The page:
Here’s What the Rooftop Healing Garden at Children’s National Will Look Like

Rendering courtesy Children's National.

The last wish of a patient at Children’s National was to go outside–but the complex life support treatments that the child’s condition required made it a complicated dream for her doctors, nurses, and the biomedical staff to fulfill.

“That child really inspired us to say that every single child, who is complex or not, should deserve the privilege of being outside,” says Kathleen Gorman, COO at Children’s National.

Thus, the idea for a 7,200-square-foot rooftop garden, equipped with electrical outlets to power treatments and therapies, was born. Though the rooftop garden was first suggested about four years ago, it wasn’t until just recently that adequate funds were raised, allowing construction to begin.

The garden will be named the Bunny Mellon Healing Garden Dedicated to the First Ladies of the United States in honor of Bunny Mellon, the late philanthropist and horticulturist behind the White House Rose Garden, whose estate provided a multi-million dollar gift towards the garden’s construction. Further funding was provided by Heather and Andrew Florance, CEO of the CoStar Group.

Children’s National also announced in February that the garden will be dedicated to the First Ladies of the United States, as First Lady Michelle Obama, Laura Bush, Hillary Rodham Clinton, Barbara Bush, the late Nancy Reagan, and Rosalynn Carter are honorary chairs of the Healing Garden, while Lynda Johnson Robb, Susan Ford Bales, and Julie Nixon Eisenhower serve on the garden’s Honorary Advisory Board.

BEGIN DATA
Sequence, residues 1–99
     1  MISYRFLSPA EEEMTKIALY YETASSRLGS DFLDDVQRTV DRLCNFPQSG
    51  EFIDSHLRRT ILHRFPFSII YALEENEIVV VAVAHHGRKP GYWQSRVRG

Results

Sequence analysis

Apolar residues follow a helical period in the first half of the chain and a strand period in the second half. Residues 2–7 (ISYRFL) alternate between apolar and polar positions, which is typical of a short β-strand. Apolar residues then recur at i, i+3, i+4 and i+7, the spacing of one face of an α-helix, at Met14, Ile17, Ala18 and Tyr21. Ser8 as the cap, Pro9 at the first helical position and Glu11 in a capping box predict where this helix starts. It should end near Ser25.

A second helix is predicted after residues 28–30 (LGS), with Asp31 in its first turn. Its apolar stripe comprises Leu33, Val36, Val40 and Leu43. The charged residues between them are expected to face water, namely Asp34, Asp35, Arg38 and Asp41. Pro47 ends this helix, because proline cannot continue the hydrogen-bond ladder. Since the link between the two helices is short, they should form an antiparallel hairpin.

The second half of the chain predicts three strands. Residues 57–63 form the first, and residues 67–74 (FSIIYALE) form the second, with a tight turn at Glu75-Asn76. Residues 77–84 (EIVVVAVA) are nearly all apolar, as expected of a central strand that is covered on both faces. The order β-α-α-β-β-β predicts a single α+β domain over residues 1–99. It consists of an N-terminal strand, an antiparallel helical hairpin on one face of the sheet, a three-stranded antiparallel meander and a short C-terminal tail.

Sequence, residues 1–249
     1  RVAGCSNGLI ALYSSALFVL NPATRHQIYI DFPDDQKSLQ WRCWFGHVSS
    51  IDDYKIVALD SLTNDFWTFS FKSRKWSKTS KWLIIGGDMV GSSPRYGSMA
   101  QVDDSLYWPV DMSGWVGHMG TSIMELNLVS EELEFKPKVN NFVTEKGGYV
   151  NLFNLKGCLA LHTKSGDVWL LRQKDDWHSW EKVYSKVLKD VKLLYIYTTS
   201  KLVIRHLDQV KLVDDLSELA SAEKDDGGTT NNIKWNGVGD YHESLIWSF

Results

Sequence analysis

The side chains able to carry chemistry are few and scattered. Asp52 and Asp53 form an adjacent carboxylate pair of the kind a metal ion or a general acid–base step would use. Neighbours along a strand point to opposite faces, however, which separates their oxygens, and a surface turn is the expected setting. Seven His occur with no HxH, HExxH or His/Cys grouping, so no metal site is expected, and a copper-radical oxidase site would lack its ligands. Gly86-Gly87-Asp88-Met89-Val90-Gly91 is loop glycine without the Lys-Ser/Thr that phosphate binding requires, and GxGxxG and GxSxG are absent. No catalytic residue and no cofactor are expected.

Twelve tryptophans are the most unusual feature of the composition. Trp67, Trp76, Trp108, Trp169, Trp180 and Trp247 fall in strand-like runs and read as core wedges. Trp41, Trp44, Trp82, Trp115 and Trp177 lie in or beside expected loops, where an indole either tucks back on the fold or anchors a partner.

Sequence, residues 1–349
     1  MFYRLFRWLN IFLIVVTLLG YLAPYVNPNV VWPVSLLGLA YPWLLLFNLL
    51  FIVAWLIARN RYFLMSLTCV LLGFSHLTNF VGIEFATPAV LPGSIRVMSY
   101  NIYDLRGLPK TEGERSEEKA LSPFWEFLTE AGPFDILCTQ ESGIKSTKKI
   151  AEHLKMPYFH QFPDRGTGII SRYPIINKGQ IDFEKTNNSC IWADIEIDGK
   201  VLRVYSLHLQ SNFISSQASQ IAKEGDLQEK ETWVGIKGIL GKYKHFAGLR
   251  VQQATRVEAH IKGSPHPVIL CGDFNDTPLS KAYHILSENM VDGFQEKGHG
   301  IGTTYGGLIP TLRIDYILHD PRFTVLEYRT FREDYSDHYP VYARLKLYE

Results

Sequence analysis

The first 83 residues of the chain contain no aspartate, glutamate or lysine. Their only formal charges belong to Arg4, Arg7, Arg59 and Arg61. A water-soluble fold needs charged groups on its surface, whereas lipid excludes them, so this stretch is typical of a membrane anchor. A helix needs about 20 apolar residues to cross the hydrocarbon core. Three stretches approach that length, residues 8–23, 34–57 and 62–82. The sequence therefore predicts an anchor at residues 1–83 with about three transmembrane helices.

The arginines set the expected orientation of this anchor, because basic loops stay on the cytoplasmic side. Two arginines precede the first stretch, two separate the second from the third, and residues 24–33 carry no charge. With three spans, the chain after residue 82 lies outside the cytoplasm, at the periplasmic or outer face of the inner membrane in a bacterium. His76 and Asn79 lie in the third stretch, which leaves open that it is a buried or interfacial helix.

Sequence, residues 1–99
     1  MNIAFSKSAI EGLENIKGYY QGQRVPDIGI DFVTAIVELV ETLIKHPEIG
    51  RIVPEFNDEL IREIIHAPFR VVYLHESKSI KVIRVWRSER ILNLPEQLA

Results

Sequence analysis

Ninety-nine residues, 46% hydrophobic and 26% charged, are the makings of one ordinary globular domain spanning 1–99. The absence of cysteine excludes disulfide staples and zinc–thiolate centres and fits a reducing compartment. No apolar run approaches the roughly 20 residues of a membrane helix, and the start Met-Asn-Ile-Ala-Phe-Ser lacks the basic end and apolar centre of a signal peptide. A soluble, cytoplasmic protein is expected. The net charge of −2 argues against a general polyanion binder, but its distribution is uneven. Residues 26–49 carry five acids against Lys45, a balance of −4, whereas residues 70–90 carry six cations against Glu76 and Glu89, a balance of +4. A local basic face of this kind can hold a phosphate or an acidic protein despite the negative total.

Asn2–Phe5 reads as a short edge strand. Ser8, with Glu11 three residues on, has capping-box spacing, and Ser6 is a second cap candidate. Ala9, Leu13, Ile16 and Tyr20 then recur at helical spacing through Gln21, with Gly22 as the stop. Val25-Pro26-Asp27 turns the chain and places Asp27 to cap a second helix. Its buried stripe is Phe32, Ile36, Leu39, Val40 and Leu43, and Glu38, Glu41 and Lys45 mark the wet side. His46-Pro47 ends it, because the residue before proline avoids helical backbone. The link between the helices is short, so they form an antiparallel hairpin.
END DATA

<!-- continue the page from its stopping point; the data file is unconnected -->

Along with electrical outlets, the garden will be outfitted with a labyrinth, trees, and flowers, with a selection of plants that Gorman says were inspired by Mellon. Gorman says the garden will be built on the hospital’s third floor, with views overlooking the city.

“We sit on about seven acres that overlooks the McMillan Reservoir and we can see the entire span of the city,” says Gorman. “So for our patients and families, it’s going to be a great opportunity for them to see the entire Washington city from this garden.”

The garden is expected to be completed in the fall. Take a peek at the renderings and plans for the Healing Garden below.

Healing Garden rendering courtesy Children’s National.
Healing Garden plan courtesy Children’s National.

Associate Editor

Caroline Cunningham joined Washingtonian in 2014 after moving to the DC area from Cincinnati, where she interned and freelanced for Cincinnati Magazine and worked in content marketing. She currently resides in College Park.